“We’ve been on a dozen medications over the years and none have helped the seizures, most have made his overall condition worse from the side effects,” Christine Loftin, Bryan’s mother, said. “For a number of years, we’ve wanted to try cannabis, but it’s not legal here and because I have three kids it’s not really an option to do things illegally. We are waiting impatiently.”
They have reason to believe that medical marijuana could work for Bryan. Small studies have shown success with pharmaceutical-grade marijuana extract controlling seizures in children. There isn’t a lot of conclusive scientific evidence yet, one way or the other, but parents across the county have long wanted a chance to try.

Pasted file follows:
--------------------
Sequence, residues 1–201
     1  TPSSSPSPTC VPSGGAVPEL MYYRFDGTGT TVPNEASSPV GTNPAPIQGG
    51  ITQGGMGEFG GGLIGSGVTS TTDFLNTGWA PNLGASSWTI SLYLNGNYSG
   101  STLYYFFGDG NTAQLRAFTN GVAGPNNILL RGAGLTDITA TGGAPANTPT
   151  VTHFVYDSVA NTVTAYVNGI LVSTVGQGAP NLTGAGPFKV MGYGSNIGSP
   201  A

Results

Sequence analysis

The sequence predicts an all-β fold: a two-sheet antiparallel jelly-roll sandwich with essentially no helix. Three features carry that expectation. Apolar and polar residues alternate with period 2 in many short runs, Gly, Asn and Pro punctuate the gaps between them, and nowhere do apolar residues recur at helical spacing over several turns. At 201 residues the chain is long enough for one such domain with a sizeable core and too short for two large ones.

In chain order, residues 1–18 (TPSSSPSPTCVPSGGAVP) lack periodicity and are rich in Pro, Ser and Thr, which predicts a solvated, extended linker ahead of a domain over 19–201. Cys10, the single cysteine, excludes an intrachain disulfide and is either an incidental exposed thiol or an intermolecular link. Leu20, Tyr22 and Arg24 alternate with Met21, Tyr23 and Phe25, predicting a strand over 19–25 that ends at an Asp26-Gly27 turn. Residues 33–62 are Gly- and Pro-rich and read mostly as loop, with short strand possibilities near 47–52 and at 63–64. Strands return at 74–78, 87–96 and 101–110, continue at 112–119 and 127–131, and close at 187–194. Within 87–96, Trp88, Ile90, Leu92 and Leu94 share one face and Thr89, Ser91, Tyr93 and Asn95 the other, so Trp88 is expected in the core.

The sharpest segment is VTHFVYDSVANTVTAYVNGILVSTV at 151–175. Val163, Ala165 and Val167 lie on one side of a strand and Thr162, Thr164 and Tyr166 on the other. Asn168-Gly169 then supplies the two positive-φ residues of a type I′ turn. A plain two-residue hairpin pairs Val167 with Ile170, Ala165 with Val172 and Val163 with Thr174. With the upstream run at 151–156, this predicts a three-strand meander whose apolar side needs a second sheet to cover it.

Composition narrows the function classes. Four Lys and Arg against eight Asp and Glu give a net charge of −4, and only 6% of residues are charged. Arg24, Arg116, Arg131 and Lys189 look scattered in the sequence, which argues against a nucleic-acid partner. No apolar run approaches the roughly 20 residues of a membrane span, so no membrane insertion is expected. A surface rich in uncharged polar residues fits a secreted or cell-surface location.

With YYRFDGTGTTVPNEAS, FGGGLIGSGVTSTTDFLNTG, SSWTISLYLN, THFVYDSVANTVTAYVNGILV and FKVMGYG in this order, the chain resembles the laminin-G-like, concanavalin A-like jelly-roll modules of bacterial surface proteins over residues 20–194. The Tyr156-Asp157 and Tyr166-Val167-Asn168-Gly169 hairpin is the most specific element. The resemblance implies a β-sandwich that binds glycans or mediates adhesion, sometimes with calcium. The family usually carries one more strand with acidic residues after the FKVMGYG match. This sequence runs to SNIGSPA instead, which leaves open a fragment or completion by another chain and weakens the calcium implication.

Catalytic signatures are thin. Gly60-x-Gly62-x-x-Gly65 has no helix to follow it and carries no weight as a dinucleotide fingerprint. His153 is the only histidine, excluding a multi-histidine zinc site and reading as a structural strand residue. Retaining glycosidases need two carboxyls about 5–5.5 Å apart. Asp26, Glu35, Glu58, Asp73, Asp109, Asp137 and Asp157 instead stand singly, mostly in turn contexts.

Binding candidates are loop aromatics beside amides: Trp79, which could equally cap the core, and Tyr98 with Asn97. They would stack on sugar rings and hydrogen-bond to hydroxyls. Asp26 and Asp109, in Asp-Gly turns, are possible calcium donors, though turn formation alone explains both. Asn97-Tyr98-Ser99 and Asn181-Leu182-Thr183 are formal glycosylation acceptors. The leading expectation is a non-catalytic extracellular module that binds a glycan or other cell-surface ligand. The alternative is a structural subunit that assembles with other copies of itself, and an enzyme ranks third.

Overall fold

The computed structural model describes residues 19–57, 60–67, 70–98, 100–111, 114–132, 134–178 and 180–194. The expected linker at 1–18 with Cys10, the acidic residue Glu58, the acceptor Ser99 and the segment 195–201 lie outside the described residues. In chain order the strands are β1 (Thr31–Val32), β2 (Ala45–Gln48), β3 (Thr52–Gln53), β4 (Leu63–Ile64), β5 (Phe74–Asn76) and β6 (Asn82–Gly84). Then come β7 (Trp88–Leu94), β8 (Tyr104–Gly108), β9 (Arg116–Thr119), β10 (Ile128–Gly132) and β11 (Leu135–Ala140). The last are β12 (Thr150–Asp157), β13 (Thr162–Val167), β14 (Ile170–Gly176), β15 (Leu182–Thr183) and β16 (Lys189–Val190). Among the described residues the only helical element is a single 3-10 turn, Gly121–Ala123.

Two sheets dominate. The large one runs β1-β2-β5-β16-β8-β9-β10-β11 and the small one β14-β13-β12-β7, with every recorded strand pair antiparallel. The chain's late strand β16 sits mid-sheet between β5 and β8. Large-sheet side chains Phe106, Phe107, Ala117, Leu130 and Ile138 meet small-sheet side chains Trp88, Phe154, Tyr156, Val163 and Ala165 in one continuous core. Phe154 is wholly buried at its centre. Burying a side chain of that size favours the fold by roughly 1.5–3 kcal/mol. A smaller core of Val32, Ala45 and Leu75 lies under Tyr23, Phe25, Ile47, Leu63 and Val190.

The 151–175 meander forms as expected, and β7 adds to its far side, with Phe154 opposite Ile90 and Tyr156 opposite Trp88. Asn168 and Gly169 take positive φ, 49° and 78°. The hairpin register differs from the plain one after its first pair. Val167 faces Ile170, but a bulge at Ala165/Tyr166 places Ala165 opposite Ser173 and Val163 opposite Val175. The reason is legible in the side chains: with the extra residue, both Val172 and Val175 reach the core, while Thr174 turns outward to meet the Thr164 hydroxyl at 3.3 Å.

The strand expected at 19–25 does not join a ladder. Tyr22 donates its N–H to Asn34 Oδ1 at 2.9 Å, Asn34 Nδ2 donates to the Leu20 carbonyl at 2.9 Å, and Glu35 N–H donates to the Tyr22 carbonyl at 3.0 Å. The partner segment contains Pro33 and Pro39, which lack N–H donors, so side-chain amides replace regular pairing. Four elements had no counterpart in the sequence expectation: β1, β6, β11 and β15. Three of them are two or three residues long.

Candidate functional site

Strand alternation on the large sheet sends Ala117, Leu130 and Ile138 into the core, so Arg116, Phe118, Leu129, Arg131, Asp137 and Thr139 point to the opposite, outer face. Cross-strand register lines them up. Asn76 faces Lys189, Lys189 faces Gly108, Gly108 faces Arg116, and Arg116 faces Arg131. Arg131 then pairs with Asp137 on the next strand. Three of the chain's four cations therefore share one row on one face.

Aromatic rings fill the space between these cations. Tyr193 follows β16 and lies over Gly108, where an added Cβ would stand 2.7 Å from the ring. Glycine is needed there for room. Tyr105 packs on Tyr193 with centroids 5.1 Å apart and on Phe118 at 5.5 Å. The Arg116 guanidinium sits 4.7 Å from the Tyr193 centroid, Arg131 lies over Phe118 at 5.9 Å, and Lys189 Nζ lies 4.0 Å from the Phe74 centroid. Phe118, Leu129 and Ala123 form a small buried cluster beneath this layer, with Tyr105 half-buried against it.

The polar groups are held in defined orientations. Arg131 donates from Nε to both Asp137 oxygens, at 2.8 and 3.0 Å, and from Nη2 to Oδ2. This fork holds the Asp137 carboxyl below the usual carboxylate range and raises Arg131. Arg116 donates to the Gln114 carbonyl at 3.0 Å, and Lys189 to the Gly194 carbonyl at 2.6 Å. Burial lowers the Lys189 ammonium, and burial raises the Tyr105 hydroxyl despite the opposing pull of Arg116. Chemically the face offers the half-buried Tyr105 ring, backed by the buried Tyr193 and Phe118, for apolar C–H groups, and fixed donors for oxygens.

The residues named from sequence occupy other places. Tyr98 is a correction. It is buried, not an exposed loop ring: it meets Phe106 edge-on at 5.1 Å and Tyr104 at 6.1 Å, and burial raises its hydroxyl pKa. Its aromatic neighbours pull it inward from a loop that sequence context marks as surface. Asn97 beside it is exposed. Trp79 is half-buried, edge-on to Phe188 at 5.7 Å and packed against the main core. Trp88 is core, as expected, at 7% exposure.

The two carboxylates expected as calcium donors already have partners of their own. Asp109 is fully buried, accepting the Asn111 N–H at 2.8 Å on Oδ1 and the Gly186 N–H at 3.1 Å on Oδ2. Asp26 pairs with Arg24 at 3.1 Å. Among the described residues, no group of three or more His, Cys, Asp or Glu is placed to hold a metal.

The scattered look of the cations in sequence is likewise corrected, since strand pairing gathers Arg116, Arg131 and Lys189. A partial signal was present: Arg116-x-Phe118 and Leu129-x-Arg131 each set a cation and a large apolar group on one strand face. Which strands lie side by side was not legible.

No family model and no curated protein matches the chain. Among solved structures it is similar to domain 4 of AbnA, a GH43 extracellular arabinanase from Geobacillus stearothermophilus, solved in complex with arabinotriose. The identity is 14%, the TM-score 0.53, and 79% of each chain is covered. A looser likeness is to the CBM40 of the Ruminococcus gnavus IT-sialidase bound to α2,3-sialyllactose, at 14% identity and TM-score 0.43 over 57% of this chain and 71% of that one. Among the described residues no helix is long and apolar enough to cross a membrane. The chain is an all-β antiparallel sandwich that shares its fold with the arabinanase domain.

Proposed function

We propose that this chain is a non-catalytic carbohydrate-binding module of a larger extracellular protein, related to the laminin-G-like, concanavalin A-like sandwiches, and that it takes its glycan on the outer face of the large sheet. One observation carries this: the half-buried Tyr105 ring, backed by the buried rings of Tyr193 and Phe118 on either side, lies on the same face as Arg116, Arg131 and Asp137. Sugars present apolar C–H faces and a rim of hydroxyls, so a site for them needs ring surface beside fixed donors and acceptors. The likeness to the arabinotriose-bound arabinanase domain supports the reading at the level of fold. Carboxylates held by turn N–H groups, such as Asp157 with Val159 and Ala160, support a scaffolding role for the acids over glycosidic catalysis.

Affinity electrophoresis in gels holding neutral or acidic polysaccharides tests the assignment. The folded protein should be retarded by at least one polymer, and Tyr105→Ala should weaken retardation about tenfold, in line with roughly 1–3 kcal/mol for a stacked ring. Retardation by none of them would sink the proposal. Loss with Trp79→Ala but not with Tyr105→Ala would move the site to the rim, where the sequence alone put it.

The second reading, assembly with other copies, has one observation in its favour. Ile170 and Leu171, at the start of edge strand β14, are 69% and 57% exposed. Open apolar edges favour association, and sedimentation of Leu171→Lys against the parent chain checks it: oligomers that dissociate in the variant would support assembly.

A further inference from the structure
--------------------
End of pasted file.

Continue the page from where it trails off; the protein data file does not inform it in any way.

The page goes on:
Around seven years ago, a story started in the national media about a strain of marijuana grown in Colorado named “Charlottes Web” after the first child who tried it, Charlotte Figi, that could help control seizures. Because of the apparent success of this strain, and because of the liberal marijuana laws in the state, parents across the country have flocked to Colorado in search for help for their kids.
Smoot first become passionate about the issue after hearing a similar story about a coworkers niece. The child was suffering from constant seizures, and had been in and out of hospitals for years. The medications available to the doctors to try weren’t helping, and in some cases were making her seizures more frequent. Eventually, when she was five-years old, she was discharged from the hospital and “told to prepare to die.”